The Good and the Bad at Halali Camp

After a pleasant stay in Okaukeujo, we moved on to Halali (view the map to get an understanding of where we’ve travelled).  Halali is the newest and largest camp in Etosha, with 60 campsites and various other accommodation options available.  The campsites are decent, with good shade and a ratio of approximately 6 campsites per ablution facility.  This meant no more racing to shower before the “overlanders” woke up and flooded the bathrooms with various clouds of odor!


Housekeeping aside, from a game perspective Halali got off to a slow start.  Again, a number of the waterholes around the camp were dry and a recent fire in the area amplified the harsh conditions.  Needless to say the game found this as enticing as a lion does a salad (as did we)!  However, we employed a strategy of “divide and concour”, and between three vehicles, a pair of two-way radios and a couple of sms’s we systematically visited each waterhole until we found something promising.  Gous was great for birding (view birdlife of Etosha) and Reitfontein was the ele’s swimming pool.  We spent many an hour watching the younger members of the herd play Marco Polo, dunking each other in the muddied water.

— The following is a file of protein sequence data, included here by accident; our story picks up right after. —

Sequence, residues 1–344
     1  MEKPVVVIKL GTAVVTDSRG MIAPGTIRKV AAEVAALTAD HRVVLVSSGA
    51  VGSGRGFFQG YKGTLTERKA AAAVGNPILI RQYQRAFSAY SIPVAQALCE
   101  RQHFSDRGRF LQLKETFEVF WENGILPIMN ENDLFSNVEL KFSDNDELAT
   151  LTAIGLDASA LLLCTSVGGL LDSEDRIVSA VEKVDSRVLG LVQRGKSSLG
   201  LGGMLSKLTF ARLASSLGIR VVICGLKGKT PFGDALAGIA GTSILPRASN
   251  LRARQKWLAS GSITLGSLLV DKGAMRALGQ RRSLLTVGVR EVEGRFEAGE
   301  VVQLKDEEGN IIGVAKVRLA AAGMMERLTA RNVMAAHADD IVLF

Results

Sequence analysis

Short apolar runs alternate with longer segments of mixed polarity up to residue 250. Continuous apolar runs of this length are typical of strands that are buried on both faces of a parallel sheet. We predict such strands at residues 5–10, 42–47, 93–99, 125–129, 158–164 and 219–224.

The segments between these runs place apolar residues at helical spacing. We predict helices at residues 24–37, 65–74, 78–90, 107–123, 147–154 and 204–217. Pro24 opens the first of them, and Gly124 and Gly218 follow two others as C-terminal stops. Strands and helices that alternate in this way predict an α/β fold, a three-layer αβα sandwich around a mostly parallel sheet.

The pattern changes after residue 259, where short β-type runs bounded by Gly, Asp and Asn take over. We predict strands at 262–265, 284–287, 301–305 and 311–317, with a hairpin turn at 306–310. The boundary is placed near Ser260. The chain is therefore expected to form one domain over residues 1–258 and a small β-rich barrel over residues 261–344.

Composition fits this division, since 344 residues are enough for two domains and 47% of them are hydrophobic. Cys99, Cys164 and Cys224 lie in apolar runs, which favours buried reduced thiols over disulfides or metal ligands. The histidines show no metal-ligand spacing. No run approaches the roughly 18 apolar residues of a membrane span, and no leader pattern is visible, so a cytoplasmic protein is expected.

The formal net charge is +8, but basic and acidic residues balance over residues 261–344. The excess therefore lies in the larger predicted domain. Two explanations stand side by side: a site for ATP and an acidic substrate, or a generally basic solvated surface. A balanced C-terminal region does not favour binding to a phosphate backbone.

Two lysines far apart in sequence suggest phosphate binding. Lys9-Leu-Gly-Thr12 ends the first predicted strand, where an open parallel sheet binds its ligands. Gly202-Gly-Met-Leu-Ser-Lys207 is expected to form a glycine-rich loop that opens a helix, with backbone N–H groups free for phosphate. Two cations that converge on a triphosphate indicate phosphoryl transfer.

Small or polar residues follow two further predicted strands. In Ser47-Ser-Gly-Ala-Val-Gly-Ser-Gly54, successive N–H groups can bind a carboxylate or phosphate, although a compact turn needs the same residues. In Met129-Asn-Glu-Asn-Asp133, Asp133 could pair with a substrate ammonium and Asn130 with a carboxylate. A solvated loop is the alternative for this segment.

A drive up to Springbokfontein saw the number of game increase as we traced the edge of the pan.  This provided us with great photo opportunities, instantly turning the gazillionth zebra we saw into a super model.  As always, where there is game, there are predators and it wasn’t long before we stumbled across two male lion on their kudu kill.  One had moved off the road to rest – “magies vol, oogies toe” – whilst the other lay on top of the kudu, protecting his kill.  Unfortunately, he didn’t seem to have the same luxury as his brother as it appeared that he had a broken hip – perhaps an injury picked up during the hunt.

All in all, our stay at Halali was great.  As Prince George from Blackadder said, “Now that I’ve got a fire I am as happy as a Frenchman who invented a pair of self-removing trousers.” – although this was not said in the context of camping, the same certainly applies!3

– Roanna Verrinder


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